That last night we stayed up all night with Dylan. In the middle of the night I asked the respiratory therapist to suction him. She asked if I wanted to and I said yes. It felt really good to do that. Then she asked if we wanted to give him a sponge bath and we said yes. So my husband and I cleaned him up and then put lotion all over him. Doing all of these things for Dylan made me so happy but I had no idea why. What was the big deal? I was just giving him a bath. Later I figured it out. I got to be a Mom and take care of Dylan. I got to do some of the things I had planned to do with him at home.

When Dylan was getting prepped for us to hold, the nurse asked whether we had Dylan’s foot/hand prints. I said I didn’t think so, I had not seen them if they were done. So she did that and we cut some locks of his hair. I had not thought of these things at all. I am so glad she did.

There are no words to describe the feelings when we finally got to hold Dylan. My husband told me later it was the first time he saw me truly relax since we had gotten Dylan’s diagnosis. It was wonderful for our little family to be so close together. It was the first time the three of us were alone. It was very comforting Dylan could die in our arms.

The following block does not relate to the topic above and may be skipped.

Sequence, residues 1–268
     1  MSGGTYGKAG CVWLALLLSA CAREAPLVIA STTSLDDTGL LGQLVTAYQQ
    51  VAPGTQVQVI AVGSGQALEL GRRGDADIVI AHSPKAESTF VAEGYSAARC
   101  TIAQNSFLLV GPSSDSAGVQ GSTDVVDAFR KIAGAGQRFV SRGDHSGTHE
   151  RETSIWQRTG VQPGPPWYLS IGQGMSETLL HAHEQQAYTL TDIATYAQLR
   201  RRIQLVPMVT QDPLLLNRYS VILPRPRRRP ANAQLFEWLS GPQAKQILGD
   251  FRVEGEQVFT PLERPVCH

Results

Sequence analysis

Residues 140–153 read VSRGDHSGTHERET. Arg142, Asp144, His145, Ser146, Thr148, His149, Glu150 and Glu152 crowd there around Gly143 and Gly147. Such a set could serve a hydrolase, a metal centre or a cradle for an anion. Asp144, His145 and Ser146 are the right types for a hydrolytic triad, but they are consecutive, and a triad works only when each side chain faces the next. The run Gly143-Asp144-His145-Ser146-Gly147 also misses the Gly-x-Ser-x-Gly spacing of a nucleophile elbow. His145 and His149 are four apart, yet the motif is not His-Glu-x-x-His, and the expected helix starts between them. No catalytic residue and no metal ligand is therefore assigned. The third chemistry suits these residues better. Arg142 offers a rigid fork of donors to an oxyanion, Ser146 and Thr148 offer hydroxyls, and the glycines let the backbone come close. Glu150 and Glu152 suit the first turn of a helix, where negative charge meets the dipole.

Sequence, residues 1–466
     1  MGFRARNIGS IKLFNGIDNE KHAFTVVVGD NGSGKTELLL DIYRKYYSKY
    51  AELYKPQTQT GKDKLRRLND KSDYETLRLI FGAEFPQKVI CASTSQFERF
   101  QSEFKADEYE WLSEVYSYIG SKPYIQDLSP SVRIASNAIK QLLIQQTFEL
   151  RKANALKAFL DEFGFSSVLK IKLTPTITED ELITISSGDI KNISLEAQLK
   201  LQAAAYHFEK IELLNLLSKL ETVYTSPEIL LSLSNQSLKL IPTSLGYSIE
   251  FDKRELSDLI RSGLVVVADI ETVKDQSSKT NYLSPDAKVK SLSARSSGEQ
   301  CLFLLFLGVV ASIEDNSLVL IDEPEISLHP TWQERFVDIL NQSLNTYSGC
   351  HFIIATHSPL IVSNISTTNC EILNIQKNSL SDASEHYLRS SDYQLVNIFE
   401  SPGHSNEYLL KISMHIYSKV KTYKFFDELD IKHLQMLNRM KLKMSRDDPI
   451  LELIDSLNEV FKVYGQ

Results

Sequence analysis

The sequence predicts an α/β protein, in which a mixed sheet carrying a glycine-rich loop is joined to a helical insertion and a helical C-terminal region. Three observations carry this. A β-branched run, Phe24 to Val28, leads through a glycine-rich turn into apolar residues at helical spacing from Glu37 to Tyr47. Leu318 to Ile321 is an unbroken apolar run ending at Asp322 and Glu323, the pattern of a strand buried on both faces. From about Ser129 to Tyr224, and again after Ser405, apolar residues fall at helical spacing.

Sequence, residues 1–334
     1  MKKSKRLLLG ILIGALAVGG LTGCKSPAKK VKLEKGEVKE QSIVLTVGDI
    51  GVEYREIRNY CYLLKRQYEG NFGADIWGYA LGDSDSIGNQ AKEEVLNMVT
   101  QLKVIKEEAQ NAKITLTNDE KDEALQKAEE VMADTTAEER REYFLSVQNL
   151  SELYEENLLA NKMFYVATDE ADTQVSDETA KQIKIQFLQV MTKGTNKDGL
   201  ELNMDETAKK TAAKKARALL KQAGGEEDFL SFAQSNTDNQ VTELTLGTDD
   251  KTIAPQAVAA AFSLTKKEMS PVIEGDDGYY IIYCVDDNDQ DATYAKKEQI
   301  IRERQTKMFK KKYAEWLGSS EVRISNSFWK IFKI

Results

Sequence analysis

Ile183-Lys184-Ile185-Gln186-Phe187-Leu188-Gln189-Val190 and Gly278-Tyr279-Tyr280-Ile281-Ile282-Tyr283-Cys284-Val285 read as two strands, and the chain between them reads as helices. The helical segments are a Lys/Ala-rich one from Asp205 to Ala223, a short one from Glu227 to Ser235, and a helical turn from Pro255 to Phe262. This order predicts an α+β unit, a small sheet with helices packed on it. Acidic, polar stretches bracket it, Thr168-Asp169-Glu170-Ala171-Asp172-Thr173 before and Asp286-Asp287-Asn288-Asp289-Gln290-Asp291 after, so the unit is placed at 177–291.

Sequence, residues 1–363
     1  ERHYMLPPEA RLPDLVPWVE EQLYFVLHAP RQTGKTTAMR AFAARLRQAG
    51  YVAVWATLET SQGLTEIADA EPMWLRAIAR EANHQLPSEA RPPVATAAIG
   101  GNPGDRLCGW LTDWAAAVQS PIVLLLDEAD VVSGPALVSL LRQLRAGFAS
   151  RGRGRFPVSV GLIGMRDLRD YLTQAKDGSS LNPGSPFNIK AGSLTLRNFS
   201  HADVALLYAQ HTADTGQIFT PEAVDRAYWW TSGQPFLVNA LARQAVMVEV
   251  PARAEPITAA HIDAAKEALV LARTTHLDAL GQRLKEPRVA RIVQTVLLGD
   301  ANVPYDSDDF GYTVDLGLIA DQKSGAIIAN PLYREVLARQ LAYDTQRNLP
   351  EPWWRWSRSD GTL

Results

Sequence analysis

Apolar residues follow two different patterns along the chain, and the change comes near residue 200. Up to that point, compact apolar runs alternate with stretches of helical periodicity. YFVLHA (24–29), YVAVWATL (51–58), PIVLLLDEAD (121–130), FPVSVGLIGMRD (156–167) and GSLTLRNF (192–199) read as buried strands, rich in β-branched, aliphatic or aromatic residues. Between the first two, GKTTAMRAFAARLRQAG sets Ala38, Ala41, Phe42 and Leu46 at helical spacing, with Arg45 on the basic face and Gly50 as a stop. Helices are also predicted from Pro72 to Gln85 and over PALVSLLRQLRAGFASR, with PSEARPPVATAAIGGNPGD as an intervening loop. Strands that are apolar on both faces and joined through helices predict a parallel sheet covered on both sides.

Case summary

“As much as we wanted more time with him, letting him die in peace and with dignity was more important it was very comforting Dylan could die in our arms.” These words as stated by Dylan’s parents echo the true essence of neonatal palliative care. The experiences of parents are seen through such pure insight; meaningful moments for parents can easily be missed or trampled on unknowingly by staff.

Parents are faced with challenging decisions and even some uncertainties regarding the impact of shifting their focus from curative therapies to palliative care measures.4 Providing a seamless transition into palliative care measures requires an interdisciplinary effort and support of the entire healthcare team. The focus of the team should be to provide optimal conditions for the infant’s life and death including interventions to prevent and relieve suffering.4 Implementing a palliative care protocol involves tremendous flexibility that supports a variety of choices, moving in and out of active life-sustaining measures, up until the end of the infant’s life. The nurse has a vital role in ensuring that communication with the family is not fragmented and that parents are reassured that the best effort will be made to support their wishes throughout the uncertainty of the journey. Dignity should be maintained at all costs. Patient- and family-centered care measures seek to ensure that the final hours of a dying infant are spent in a peaceful environment and in the presence of the family.

Standard of care for neonatal patients